In 1989, Jeronimo received a Fulbright fellowship and returned to the United States to work in the lab of Richard Pearson at the University of Virginia. There, she collaborated with scientists at the University of Iowa; these and other collaborations with scientists interested in tropical disease have proved fruitful and long lasting.

In 1991, she returned to Brazil, completing her doctorate in molecular biology at the Federal University of São Paulo (UNIFESP) in 1994. She accepted her current position at UFRN the following year.

Jeronimo is part of an international team working to identify genes that influence susceptibility to visceral leishmaniasis. Her data will be compared with data from patients in India and Sudan to determine whether the same genes contribute to susceptibility to the disease in all three places.

In recent years, Jeronimo’s lab has begun to study leprosy, which remains a public health problem in northern and northeastern Brazil. Despite efforts to control the disease, about 35,000 new cases are reported each year in Brazil. Over the past 4 years, Jeronimo’s group has identified areas where leprosy exposure is a serious risk and is working with physicians to identify people in early stages of the disease.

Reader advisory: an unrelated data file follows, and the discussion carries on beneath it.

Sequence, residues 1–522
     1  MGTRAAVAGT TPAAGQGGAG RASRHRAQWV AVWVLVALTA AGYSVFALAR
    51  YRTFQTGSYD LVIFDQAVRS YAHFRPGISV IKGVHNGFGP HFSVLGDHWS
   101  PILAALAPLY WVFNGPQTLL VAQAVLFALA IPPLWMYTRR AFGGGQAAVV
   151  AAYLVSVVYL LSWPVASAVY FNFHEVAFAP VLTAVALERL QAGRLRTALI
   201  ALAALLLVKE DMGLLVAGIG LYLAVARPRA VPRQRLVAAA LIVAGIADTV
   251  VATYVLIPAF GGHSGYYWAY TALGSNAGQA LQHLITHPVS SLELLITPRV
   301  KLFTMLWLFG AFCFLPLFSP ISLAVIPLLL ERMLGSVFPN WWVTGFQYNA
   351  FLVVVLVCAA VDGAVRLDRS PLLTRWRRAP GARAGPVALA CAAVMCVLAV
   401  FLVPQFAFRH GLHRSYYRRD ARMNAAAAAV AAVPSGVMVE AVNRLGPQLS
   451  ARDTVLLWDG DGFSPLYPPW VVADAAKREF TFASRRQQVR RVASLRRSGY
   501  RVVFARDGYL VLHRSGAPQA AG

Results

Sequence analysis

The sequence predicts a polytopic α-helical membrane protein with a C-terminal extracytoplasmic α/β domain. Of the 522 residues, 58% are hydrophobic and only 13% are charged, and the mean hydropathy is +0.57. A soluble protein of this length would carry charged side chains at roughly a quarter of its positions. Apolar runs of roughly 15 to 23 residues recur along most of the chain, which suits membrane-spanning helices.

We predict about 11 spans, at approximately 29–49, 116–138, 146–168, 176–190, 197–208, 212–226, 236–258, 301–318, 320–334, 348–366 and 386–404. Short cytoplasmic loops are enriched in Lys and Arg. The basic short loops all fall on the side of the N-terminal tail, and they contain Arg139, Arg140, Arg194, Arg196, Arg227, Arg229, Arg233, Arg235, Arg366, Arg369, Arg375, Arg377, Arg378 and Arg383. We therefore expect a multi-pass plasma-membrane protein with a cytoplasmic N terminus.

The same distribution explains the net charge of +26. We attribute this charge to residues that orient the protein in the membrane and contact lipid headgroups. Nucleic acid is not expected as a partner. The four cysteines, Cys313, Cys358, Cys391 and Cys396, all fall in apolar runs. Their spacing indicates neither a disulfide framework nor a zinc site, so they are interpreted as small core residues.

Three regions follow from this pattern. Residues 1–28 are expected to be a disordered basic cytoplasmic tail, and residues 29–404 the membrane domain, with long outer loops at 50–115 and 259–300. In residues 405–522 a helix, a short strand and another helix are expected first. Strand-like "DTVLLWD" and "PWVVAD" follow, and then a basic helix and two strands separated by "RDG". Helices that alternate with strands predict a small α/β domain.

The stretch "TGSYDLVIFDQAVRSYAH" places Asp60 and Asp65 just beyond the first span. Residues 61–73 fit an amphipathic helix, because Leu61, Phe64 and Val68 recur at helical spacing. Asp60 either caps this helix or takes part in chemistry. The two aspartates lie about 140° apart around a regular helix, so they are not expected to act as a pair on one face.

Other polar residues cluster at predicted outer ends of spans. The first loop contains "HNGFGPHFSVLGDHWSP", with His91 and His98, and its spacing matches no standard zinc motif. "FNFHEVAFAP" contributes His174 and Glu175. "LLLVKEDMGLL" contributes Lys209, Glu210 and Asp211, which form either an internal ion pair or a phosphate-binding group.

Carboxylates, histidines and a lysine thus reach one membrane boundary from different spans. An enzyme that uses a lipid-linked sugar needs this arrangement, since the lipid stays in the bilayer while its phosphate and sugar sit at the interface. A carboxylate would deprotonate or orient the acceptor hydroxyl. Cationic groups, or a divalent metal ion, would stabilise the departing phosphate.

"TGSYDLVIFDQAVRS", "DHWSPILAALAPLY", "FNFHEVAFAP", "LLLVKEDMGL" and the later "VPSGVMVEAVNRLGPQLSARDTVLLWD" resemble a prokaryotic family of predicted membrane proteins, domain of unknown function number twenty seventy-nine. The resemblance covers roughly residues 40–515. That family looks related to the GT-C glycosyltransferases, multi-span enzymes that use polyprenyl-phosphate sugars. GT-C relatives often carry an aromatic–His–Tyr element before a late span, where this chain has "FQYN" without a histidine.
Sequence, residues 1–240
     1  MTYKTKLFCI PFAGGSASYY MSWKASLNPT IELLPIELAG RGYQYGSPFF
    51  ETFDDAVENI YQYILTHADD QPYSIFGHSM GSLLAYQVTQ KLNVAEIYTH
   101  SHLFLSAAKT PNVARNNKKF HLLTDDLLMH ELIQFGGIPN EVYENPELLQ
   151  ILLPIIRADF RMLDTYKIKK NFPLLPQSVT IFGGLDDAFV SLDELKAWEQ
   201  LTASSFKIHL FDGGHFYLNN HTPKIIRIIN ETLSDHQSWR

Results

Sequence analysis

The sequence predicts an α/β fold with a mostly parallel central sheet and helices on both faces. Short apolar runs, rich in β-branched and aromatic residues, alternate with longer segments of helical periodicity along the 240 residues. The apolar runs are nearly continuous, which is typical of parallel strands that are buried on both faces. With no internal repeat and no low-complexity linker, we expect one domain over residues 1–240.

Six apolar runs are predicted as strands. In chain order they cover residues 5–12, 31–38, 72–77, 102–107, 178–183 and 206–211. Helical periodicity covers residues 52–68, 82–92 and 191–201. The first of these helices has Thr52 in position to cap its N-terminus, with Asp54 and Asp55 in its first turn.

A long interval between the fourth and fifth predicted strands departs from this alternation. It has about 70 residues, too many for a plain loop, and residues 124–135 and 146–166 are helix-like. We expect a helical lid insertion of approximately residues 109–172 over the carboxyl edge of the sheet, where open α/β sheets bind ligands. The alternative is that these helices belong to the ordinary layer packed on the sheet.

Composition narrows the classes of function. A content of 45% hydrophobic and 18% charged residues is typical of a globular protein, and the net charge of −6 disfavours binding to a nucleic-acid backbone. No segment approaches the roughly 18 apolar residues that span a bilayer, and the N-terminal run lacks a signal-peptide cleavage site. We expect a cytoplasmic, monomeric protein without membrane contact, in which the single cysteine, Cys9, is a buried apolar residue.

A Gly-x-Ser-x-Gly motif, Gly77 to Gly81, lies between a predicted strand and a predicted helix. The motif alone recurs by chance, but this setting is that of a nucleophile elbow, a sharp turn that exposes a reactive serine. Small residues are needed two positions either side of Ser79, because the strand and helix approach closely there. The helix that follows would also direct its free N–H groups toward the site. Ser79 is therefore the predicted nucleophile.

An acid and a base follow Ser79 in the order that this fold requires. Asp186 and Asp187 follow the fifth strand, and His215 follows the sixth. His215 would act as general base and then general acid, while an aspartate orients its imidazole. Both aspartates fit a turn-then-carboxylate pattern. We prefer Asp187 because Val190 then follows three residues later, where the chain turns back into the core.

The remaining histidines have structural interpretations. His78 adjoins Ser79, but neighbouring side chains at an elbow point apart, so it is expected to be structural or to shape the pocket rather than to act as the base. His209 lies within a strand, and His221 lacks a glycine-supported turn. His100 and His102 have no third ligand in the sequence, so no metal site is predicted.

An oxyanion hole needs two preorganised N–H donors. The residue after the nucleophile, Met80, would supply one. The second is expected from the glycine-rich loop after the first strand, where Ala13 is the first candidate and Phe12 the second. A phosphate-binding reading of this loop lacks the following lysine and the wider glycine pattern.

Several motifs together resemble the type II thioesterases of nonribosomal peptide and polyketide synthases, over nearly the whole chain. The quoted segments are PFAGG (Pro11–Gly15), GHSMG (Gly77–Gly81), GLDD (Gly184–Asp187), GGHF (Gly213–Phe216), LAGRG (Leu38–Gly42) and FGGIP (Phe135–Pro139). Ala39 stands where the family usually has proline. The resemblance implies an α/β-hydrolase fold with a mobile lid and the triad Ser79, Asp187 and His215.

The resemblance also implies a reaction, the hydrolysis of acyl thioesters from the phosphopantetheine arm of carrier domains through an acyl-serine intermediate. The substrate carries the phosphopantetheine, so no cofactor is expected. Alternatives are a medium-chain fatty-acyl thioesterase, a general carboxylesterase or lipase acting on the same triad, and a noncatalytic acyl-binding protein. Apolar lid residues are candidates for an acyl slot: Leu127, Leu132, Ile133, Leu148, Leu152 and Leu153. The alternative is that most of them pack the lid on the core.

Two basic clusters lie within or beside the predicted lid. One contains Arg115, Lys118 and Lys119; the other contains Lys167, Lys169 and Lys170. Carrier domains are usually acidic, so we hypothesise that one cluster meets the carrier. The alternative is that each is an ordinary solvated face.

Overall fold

Jeronimo's studies are attracting scientists from outside Brazil. Each year, two to four medical students from the United States come to her lab. A Cornell University physician is currently working there to identify factors that contribute to leprosy susceptibility.

Jeronimo says the climate for scientific research in northeastern Brazil has improved substantially in recent years. The Brazilian government has initiated programs that allow Brazilian students to study abroad, and efforts have been made to hire professors who have received scientific training in foreign labs. Other scientific endeavors in the region, such as the International Institute of Neuroscience of Natal, attract scientists from the United States and Europe.

“We still have some bottlenecks to overcome as far as getting proper reagents and equipment in a timely manner,” Jeronimo says. “Such things take far too long, stretching out for months or even a year.” But, “looking back to the time when I was a student," the change in the scientific climate is "like night and day.”